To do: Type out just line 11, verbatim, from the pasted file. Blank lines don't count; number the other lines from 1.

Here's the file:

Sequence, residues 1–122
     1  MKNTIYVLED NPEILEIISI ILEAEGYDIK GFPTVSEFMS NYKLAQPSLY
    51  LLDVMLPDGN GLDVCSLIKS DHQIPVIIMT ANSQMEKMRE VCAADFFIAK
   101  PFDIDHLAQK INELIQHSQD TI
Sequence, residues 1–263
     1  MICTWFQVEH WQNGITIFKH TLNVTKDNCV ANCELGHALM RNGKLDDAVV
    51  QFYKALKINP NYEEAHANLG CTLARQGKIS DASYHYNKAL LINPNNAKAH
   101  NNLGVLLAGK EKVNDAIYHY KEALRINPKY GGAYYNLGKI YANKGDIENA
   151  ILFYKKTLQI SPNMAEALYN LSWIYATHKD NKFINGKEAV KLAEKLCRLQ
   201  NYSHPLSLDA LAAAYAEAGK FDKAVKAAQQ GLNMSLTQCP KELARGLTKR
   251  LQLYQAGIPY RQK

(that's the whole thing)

   251  LQLYQAGIPY RQK